I believe there are a couple or few fully-built C65s floating around out there, some that work. They look like really neat machines, could have been to the C64 what the IIgs was to the Apple. I made my jump from the Commodore 64 (actually the 128D) to the Amiga. A great move, IMHO. Though I still look back on my 128 from time-to-time.
I also recall lugging around the SX-64 I bought in high school. Can't remember what I paid for it, but $250 sounds about right. I have two now just waiting to be fixed and modded with smaller internal parts and LCD screen. If I ever get around to that at all *sigh*
One minor mistake in the article. BASIC was not copied into main memory: it was actually bank-switched in to the 6510 address space when the computer was in "BASIC mode." Address $00 and $01 were special ports on the 6510 (direction and data) which were used for bank-switching segments of BASIC and KERNAL ROM and I/O space in and out of RAM (not solely for this purpose, mind you.) In the correct configuration, one could map all 64k of RAM into the 6510's address space for reading (writes always went to RAM under ROM, irrespective of the bank setting.) I believe GEOS did this, and I know I used to map out the ROMs in my ML programs when I needed more memory space.
Man I loved programming the 6510.
Paris, writes always go to RAM.
"The model that did more than any to bring computers into the reach of normal folk." - No, that'd be the Spectrum 48K.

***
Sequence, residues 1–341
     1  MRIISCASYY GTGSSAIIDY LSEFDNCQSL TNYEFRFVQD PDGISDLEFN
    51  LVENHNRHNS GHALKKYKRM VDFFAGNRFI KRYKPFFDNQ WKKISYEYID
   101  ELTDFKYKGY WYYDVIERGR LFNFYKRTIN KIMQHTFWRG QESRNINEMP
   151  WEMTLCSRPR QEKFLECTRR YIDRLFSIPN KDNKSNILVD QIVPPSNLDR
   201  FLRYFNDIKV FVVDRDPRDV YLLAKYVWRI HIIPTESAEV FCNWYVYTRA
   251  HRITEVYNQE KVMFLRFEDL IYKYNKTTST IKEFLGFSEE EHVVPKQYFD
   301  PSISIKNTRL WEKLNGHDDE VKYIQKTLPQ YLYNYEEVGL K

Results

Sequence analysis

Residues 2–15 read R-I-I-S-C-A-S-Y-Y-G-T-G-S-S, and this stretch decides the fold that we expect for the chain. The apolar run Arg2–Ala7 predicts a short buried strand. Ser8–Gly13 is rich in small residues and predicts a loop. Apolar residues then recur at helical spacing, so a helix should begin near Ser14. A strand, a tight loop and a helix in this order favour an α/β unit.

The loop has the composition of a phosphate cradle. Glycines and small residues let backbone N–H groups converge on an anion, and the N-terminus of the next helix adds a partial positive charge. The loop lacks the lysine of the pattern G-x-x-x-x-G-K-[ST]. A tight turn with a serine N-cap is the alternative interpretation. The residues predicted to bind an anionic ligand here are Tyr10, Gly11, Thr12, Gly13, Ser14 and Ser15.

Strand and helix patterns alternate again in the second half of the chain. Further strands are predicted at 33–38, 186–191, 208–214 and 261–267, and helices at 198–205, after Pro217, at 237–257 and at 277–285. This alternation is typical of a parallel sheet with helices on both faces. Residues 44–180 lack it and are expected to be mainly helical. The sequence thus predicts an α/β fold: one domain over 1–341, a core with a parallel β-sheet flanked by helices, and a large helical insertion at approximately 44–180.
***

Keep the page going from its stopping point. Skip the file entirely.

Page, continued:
I almost choked on my coffee when I read the article's claim that the OS was "copied into RAM".
You *could* copy the ROM into the RAM underneath it and then flip out the ROM (some of us liked to do this in order to alter system behaviour for nefarious purposes - for example, I altered the behaviour of the STOP vector, for writing autoboot code out to tape.) But the operating system, by default, ran directly from the ROM chip.
The C64 didn't have a "20K ROM chip", either - it had two 8KB ROMs (one for the OS "kernal" - misspelling intentional) and one for BASIC - and one 4KB character ROM which stored two sets of system fonts (one uppercase, with more of those funky symbols - and one mixed uppercase/lowercase, for professional uses.)
To this day I have fond memories of my many Commodore 64's from over the years. By todays standards the games were blocky, small, and unsophisticated but they were so original and fun.
Games today are a pale shadow in comparison, sure they have massive budgets, design teams, gigabytes of graphics resources but for all that they are still just clones of previous games, just a different situation or weapon set, the same soulless drivel just jazzed up, tweaked and repackaged.
It was on the C64 and other machines of the time that the games industry was born. Guys in their garages with extremely limited resources worked miracles with the hardware and came out with something fun and unique.
It's only fitting that to this day the Commodore 64 is the best selling computer of all time, and with the progress of technology these days with models lasting 6 months at best, it will never be outsold.
Happy Birthday Commodore 64. Thanks for the memories.